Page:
A jury in one of New York’s most conservative counties recently returned a $130 million verdict in a medical-malpractice case, the second-largest in the state’s history. Lawyers for the losing hospital decried a “jury out of control” and called for more tort reform. Before the case went to trial, their offer of an $8 million settlement was turned down.
What the defense lawyers seemed not to realize is that tort reform hasn’t worked for 25 years. And large verdicts may be the most effective drivers in making health care safer.
The case, Reilly v. St. Charles Hospital, centered on the birth of Shannon Reilly in 2002. The jury determined that the Long Island hospital and the obstetric nurse had failed to properly monitor the pregnant mother and her fetus, missed important signs that the baby was in distress, and then failed to take corrective action. When interviewed, jury members said that they agreed with plaintiff’s attorney Thomas Moore that the child — who was born with severe brain injury and has a form of cerebral palsy — is a “prisoner in her own body” and that the medical errors were avoidable.
New York doesn’t have a cap on pain-and-suffering awards, as 29 other states do. The state does limit fees for winning lawyers at 10 percent of awards more than $1.25 million. Half of all states also have shorter statutes of limitations for medical malpractice than for property damage.
Tort reformers’ goals in working for such laws may have been laudable. Who could be against keeping frivolous cases out of court, controlling health-care costs and reducing doctors’ malpractice-insurance premiums? In reality, though, their legislative successes have made things worse.
For example, shortening the statute of limitations — the amount of time injured parties have to bring a case — has resulted in more doctors being sued, not fewer. In New York, injured parties have just 2 1/2 years from the time of the medical procedure to bring an action.
To stop the clock and preserve their rights, plaintiffs file suits that name every doctor who could conceivably be liable in the case. After investigation, many of the defendants are often dropped. But in the meantime, the named doctors suffer the indignity and anxiety of being sued.
Tort reformers blame the prospect of malpractice suits for the proliferation of “defensive medicine” and thus higher health-care costs in general. Doctors, they argue, prescribe costly tests that patients don’t need in order to protect themselves against suits. However, extensive research — including some done by the Robert Wood Johnson Foundation, the Congressional Budget Office and the Government Accountability Office — has shown that tort reform has had no influence on health-care costs. Doctors practice defensive medicine simply because it generates extra income.
The effect that lawsuits have had on doctors’ malpractice insurance rates has also been negligible. Insurance premiums have still increased in states with extensive tort-reform measures, researchers at the Robert Wood Johnson Foundation concluded after reviewing 11 major studies. Rates in those states rates have gone up 6 percent — compared with 13 percent in non-tort-reform states.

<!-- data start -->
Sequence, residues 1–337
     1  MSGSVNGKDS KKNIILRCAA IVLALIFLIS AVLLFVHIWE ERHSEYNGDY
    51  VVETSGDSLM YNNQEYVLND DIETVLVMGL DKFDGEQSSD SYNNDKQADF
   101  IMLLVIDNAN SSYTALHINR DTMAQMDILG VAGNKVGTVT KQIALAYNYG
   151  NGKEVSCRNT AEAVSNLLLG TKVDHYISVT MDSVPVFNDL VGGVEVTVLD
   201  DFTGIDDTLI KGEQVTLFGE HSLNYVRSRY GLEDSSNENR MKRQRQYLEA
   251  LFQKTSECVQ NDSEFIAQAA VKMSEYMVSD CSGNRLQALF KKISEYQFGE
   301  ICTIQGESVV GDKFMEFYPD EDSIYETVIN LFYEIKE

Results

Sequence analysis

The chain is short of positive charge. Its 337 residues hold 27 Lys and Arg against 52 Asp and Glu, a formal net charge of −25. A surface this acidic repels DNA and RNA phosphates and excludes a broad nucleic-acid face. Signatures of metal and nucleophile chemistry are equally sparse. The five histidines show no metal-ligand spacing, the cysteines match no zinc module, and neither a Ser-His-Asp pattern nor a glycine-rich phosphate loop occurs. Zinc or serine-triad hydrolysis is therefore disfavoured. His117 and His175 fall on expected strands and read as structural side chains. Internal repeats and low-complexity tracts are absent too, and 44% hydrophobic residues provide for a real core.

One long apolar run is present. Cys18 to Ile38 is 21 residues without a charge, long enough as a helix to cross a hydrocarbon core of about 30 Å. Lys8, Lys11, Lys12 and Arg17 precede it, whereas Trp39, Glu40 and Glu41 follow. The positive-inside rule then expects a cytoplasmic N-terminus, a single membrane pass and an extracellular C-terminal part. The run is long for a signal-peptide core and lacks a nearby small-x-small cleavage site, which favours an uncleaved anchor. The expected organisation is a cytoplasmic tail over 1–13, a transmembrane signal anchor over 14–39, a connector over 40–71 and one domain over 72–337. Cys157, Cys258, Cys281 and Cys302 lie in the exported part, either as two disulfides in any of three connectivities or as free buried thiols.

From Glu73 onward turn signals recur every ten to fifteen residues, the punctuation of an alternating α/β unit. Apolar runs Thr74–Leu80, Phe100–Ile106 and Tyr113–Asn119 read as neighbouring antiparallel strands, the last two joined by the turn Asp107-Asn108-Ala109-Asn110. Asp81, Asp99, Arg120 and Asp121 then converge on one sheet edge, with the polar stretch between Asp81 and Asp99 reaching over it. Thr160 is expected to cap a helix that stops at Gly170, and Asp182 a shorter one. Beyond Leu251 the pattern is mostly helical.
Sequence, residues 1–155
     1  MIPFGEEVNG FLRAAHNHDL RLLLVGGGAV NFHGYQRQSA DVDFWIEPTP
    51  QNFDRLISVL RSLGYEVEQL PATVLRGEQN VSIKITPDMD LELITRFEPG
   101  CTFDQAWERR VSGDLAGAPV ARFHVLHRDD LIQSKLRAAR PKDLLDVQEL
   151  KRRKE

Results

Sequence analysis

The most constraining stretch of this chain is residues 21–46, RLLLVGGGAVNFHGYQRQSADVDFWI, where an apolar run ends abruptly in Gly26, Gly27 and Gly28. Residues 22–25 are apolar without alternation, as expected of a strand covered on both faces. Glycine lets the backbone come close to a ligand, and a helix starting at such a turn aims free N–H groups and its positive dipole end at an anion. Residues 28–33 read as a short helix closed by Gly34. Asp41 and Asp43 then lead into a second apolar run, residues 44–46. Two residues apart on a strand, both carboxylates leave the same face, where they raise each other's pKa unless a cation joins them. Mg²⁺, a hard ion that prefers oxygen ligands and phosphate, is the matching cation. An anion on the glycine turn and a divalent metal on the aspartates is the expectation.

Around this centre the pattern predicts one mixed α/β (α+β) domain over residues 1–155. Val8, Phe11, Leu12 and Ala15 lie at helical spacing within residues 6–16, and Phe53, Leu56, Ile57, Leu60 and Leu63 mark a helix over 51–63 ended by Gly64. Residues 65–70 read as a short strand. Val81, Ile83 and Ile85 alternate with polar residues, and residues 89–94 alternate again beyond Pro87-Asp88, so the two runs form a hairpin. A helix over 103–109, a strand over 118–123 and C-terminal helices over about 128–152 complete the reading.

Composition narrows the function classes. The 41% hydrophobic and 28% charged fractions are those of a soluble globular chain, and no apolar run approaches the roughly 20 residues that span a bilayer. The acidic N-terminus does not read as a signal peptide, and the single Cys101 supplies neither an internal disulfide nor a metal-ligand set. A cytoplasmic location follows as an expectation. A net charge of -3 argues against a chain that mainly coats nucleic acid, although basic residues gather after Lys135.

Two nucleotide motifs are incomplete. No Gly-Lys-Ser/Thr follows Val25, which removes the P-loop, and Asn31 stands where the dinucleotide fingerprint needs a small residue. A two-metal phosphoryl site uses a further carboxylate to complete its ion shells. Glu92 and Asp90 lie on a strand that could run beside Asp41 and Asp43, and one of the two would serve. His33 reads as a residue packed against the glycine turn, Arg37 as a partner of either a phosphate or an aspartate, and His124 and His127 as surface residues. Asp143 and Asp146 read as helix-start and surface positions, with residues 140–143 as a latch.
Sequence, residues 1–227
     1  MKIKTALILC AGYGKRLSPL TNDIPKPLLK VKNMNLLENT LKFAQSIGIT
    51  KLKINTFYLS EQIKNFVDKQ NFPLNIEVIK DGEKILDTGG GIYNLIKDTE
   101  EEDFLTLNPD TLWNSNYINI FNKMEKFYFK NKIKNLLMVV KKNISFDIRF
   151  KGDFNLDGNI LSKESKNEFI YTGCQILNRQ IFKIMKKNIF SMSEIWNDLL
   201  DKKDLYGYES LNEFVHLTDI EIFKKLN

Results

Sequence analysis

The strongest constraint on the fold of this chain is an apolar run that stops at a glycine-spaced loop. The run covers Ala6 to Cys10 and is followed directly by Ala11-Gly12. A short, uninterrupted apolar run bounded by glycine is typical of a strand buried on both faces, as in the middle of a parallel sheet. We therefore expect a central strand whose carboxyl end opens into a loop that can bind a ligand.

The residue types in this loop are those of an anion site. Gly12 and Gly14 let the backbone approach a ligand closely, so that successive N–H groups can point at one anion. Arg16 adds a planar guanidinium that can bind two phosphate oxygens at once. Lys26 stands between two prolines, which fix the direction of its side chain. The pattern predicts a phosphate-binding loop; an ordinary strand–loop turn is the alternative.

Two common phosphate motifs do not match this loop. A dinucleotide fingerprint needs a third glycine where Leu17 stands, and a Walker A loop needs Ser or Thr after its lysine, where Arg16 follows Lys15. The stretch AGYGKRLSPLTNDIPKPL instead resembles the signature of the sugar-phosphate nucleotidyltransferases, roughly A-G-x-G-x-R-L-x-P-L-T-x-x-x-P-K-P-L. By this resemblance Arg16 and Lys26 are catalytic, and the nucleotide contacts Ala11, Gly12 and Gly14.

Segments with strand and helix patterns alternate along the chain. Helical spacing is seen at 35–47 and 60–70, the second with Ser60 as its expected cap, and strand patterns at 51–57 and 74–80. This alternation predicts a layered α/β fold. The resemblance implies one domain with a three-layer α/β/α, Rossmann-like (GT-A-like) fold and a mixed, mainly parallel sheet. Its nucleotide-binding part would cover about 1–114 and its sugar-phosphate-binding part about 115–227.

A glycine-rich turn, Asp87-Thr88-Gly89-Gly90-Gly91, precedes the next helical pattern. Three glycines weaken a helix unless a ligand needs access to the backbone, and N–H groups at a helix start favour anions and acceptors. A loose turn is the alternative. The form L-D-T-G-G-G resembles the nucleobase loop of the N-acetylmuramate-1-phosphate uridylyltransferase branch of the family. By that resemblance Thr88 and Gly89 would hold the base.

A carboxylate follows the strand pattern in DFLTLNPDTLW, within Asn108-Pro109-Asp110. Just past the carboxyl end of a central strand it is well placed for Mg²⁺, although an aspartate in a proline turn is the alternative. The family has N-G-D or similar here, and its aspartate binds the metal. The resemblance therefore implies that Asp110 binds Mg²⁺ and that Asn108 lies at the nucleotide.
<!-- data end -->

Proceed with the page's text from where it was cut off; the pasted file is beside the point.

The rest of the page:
One medical specialty, however, has experienced huge reductions in malpractice-insurance premiums: anesthesiology. These savings have nothing to do with tort reform. Instead, they have resulted from anesthesiologists getting fed up with being sued and losing huge cases.
In the 1970s and ’80s, anesthesiologists were paying some of the highest malpractice premiums in medicine. Problems were frequent, serious and directly attributable to anesthesia. It was estimated that 1 in 6,000 administrations of anesthesia resulted in death. Serious brain injuries were even more frequent.
In 1982, after a spate of bad publicity triggered by large malpractice verdicts — several won by Moore — the American Society of Anesthesiologists conducted a comprehensive assessment of what had been injuring patients. They then revamped their procedures, established mandatory monitoring, improved training, limited the number of hours anesthesiologists could work without rest, redesigned machines and outfitted others with safety devices.
Within 10 years, the mortality rate from anesthesia dropped to 1 in 200,000 administrations. And anesthesiologists’ malpractice insurance rates fell to among the lowest of any specialty.
Unfortunately, other medical specialties — in particular, obstetrics and gynecology — have resisted taking similar steps. Some individual hospitals, however, have instituted sweeping reforms to make obstetrics safer. After a seven-year effort at NewYork-Presbyterian Hospital, so-called sentinel events — unforeseen problems that cause death or serious injury to patients — dropped to zero in 2008 and 2009 from 1.04 per 1,000 deliveries in 2000. And malpractice awards fell to $250,000 annually from $50 million.
Patient safety is a very serious concern in the U.S. Every year, hospitals see 100,000 to 1 million avoidable deaths — and a far greater number of serious injuries. How many more $130 million verdicts will it take before all specialties take action?
(Steve Cohen was a publisher and author for 30 years. He recently graduated from New York Law School and passed the bar. He hopes to be a plaintiff’s advocate.)
Editors: Mary Duenwald, Brooke Sample.
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